Asynchronous email deliveries using Resque and resque_action_mailer_backend

The Rails 3 Way

The Rails 3 Way

Check the GitHub repo here and a sample application using it here.

If you have ever sent emails using ActionMailer during a user request you probably noticed that if the email sending fails or takes too long your user might not be really happy with the speed of your application. Making the email sending process an asynchronous one is usually the simplest solution for this problem and there are plenty of tools to do that like ar_mailer, that stores emails in your database and then uses a specific daemon to send them.

ar_mailer and other solutions are quite enough for most of your problems but what if you’re already using Resque to run your asynchronous jobs? Why bother using yet another daemon to do the email sending jobs with all the hassle of managing if you can use your current Resque setup to do it?

With this in mind I sat a bit and wrote this simple gem that lets you do exactly that, send your emails asynchronously using a Resque worker and without changing a single line of your email sending code. Following the same philosophy of ar_mailer, the resque_action_mailer_backend doesn’t require you to call fancy methods on your mailers, you just keep them as they are now and instead of changing them you just change the delivery method to :resque, like this (in a environment file, like “development.rb”):

config.action_mailer.delivery_method = :resque

The gem uses your ActionMailer::Base.smtp_settings configuration to deliver the emails, so you don’t have to change anything in there, just be sure that the SMTP credentials are correct so the worker can deliver emails without issues. The default queue name is “:headbanger_resque_mailer”, but you can change it to whatever you’d like to with this code:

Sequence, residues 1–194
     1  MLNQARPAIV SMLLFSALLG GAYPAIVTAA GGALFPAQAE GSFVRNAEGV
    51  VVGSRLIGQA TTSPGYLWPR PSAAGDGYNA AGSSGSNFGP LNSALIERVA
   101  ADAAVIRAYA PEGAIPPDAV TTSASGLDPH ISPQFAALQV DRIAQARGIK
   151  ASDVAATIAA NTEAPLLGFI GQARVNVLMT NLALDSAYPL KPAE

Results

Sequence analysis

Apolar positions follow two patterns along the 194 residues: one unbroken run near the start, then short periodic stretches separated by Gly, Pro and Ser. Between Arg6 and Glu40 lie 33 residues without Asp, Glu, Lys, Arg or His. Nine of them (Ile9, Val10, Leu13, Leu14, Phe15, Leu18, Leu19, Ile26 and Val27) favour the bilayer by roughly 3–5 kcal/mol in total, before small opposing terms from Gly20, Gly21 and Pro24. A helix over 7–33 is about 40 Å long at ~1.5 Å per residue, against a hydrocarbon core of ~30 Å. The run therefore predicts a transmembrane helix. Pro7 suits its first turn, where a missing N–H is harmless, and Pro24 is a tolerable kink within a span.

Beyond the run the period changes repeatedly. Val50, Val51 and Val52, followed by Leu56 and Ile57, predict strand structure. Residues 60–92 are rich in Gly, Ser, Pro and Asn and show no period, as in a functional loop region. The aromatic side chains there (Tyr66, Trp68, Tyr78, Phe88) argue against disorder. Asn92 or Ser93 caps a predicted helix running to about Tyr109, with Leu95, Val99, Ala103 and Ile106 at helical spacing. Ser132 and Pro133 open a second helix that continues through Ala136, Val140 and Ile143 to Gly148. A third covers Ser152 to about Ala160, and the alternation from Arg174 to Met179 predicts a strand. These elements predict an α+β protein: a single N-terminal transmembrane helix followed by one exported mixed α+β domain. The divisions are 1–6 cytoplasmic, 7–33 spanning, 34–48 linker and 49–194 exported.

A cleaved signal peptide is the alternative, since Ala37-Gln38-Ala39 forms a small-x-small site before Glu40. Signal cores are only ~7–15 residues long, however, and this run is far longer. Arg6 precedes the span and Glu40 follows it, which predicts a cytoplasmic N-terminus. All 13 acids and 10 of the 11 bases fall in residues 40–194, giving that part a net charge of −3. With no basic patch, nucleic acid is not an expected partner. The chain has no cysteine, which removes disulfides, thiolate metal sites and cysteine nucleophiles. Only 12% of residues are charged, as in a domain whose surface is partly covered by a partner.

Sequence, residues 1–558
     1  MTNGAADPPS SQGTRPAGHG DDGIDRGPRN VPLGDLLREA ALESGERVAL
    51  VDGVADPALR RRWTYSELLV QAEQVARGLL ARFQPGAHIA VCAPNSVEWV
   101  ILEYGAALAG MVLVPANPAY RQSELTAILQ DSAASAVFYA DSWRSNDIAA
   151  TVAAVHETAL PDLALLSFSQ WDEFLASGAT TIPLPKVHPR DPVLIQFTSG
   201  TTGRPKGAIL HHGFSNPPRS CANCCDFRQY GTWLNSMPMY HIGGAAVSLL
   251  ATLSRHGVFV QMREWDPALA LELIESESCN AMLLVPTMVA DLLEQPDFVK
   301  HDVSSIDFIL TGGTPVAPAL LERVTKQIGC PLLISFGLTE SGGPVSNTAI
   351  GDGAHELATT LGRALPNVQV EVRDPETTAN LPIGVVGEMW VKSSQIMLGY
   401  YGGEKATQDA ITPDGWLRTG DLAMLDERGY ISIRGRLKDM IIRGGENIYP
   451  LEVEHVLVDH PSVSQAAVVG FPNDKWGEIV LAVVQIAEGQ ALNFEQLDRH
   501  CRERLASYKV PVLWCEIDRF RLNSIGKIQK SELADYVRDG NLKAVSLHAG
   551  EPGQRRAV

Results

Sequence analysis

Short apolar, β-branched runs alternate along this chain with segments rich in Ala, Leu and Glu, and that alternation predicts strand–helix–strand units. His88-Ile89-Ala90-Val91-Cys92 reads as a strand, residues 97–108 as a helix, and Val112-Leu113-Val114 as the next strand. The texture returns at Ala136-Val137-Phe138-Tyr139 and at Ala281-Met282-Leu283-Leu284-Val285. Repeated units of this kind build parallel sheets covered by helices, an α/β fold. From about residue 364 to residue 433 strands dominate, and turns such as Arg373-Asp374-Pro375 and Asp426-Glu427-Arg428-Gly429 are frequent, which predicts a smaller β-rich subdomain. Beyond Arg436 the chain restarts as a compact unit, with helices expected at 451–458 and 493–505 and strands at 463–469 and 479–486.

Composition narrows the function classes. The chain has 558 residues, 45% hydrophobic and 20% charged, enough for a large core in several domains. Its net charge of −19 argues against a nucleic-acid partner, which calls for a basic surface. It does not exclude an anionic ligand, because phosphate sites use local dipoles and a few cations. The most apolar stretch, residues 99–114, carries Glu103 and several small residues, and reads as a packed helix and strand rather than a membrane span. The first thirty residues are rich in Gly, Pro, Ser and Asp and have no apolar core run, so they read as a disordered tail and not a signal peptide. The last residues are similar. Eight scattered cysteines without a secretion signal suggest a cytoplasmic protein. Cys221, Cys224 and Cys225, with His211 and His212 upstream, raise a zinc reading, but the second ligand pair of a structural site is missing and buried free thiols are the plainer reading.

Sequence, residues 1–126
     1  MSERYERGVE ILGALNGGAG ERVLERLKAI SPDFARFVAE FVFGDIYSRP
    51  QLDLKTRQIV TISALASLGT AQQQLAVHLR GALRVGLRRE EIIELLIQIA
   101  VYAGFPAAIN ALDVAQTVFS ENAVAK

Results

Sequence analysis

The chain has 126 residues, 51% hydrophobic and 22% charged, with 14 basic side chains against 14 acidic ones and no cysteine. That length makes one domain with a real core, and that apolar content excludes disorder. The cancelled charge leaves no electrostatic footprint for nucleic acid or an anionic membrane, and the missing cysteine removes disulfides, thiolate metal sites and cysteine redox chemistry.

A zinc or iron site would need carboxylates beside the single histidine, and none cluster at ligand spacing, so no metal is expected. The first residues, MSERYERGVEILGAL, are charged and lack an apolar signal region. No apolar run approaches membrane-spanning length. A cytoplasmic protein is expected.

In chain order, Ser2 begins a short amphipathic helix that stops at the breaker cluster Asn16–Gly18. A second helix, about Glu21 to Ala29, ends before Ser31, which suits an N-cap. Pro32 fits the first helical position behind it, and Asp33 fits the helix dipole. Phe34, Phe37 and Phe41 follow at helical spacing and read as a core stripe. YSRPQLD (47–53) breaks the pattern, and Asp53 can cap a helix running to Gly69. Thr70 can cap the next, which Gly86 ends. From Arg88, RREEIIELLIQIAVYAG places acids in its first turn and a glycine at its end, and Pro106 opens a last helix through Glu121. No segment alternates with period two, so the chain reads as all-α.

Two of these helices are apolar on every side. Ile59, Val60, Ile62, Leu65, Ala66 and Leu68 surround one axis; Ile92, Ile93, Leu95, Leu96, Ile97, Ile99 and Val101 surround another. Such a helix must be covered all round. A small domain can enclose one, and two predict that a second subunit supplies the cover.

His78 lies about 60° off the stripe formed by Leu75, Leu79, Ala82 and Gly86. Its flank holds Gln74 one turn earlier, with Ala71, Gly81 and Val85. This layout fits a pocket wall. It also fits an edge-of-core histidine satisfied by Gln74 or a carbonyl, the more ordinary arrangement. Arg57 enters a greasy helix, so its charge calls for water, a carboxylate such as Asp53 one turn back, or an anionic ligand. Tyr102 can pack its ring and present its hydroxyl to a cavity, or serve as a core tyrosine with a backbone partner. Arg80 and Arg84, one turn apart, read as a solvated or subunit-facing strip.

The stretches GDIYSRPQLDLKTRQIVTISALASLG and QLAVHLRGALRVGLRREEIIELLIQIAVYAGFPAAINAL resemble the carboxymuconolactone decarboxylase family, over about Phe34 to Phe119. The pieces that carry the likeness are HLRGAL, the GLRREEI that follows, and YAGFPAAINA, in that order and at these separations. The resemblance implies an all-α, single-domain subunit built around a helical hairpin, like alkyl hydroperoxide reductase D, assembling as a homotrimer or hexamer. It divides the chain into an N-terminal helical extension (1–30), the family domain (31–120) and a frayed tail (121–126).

Headbanger::ResqueMailer.queue = :your_email_queue

This single line of code changed will now make all your emails be queued to Resque and they’ll be sent as soon as a worker is available for it. Now you only have to tell your rails application to load the resque_action_mailer_backend gem (in your environment.rb):

config.gem "resque_action_mailer_backend"

You can check a some hints on using this setup at this sample project.

And you’re ready to start sending emails asynchronously using your resque workers!

Enjoy!

10 Responses to “Asynchronous email deliveries using Resque and resque_action_mailer_backend”

  1. Tweets that mention Asynchronous email deliveries using Resque and resque_action_mailer_backend « Codeshooter’s Weblog -- Topsy.com Says:

    […] This post was mentioned on Twitter by cmilfont and Maurício Linhares, Ruby Reflector. Ruby Reflector said: Top Ruby Article: Asynchronous email deliveries using Resque and resque_action_mailer_backend: http://bit.ly/9LjNvn […]

  2. Millisami Says:

    How to use this with Rails3? Coz I noticed that the example is based on Rails2.

    • Maurício Linhares Says:

      Hi Millisami,